Nike has responded to these needs by producing a line of fashionable dance workout items in technology-driven fabrics that are trendy enough to wear straight from class to nightclub. The sportswear giant has recognized the importance of the fitness segmentation by dividing its women's fitness division into four categories: yoga, running, cardiovascular and dance, while Adidas has also added more fashion to performance active wear in its collaborative range with Stella McCartney.

In June 2005, of 7.9 million women aged 20 to 29, 69.5% were working. This rate exceeds the comparable 67.2% in the US marking the first reversal among women in the same age group. Younger women focusing on careers and the direct correlation of marrying later than previous generations means these women need more 'chill-out' time. From a marketing point of view Image Courtesy of Akiko Nakajima Image Courtesy of Akiko Nakajima that means more 'me' time. Not a second wave of the designer good-brandishing 'Parasite Singles' but a society filled with stronger, empowered women who want this image reflected in their stronger, muscular bodies.

The Change Point behind this is the elevated status of female athletes including Maria Sharapova, who is the world's highest paid female sports star making an estimated JPY2 billion a year and 20-year-old golf pro, Ai Miyazato, who earns around JPY360 million from commercials annually.

These strong role models who earn a living from their athletic prowess are a far cry from the emaciated celebrities famous for being famous. Marketing campaigns from Dove and Nike that capitalize on real women with regular faces and figures are also influencing popular thought. Where to from here?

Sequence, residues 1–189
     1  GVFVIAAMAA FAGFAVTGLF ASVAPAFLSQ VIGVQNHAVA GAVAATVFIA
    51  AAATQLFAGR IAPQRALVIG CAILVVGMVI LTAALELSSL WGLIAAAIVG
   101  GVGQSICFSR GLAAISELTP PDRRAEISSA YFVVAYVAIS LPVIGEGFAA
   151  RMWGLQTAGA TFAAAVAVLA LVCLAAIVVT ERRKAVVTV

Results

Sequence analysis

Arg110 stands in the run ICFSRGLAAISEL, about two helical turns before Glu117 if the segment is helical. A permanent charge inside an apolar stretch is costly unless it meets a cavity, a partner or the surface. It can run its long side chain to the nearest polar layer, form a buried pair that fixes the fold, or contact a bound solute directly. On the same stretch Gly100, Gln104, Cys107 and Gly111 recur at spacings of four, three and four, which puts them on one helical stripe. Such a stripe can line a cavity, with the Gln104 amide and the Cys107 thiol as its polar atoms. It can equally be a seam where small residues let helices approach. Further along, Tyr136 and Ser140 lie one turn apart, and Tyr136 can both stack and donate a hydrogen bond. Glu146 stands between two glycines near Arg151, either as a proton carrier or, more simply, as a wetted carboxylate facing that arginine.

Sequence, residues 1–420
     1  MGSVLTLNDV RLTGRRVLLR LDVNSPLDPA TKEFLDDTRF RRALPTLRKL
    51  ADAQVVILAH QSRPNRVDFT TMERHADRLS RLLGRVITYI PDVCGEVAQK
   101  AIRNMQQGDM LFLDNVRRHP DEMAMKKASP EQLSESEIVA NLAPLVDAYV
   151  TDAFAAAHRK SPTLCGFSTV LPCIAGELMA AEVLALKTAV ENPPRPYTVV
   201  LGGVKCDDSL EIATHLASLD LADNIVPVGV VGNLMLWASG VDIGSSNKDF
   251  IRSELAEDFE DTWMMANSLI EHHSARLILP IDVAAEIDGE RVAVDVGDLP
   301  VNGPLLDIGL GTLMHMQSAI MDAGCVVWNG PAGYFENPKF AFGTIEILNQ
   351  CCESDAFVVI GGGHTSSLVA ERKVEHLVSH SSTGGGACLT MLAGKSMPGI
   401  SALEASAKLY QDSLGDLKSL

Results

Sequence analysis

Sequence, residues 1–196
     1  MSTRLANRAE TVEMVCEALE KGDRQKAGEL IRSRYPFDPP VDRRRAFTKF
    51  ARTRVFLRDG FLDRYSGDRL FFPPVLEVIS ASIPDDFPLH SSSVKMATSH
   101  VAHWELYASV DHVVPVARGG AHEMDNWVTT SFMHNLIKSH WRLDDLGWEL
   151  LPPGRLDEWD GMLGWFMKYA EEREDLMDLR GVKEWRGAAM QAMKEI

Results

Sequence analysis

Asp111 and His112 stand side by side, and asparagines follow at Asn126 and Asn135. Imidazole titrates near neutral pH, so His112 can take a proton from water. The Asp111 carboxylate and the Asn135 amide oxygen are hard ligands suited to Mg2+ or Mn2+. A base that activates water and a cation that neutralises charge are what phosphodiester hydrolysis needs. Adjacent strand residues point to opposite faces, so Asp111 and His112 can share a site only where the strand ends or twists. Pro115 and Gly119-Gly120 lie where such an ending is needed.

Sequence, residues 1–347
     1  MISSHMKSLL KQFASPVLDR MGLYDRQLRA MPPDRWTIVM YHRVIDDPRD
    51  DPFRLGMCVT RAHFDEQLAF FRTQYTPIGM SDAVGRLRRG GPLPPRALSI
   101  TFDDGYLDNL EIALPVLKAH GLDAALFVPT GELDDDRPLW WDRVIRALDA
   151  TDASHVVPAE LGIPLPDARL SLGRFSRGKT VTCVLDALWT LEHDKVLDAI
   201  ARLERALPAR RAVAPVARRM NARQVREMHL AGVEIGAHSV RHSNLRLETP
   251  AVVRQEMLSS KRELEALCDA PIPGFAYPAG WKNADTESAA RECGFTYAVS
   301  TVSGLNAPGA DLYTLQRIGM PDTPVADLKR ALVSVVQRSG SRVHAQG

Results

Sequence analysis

Potential business ideas include:

  • The establishment of children's boot camps or US-style 'Fat Farms' where kids are sent to tone up and lose weight in a safe, outdoor-orientated environment.
  • Targeting busy mums-on-the-run with appealingly packaged, brightly coloured o-bento boxes that feature a toy in the centre of the box. The meal would be a healthier alternative to a burger and French fries and be sold at convenience stores.
  • Capitalizing on the popularity of matbased activities such as yoga and Pilates and the predilection for hygiene by developing disposable, aromatherapy scented 'Yoga Wipes'. These handy packs could be carried in bags or be available at studios to wipe down mats before use.
  • Mobile phone delivered exercise routines: 'personal trainer by mobile'. Mobile gyms' based on the British mobile library concept. Roaming trucks that contain selected gym equipment, operating on a changing daily schedule which drive to remote parts of Japan. This allows penetration of gym brands into towns and villages where there is no market for a permanent presence.

A spoonful of medicine?

In order to survive in what was once a man's world, Japanese women have learned to toughen up. Being financially rewarded for careers and raising the glass ceiling has become equally important as looking good. It is simply no longer enough to be just successful, society dictates women and men also need to look physically beautiful too– and the pressure is on.

The positive physical effects of working out and the mental benefits of yoga practice, taking food supplements and eating organically sourced ingredients are small trends that form a bigger picture. This resonates throughout society encompassing women, men, children and seniors. It also extends to pets and living environment.

Ultimately this Change Point reflects the population's change of focus from outer prosperity to the inner development of personal spiritual health. Working out, taking yoga classes and eating more healthily is just the tip of the iceberg. These are Change Points that affect industries across the board.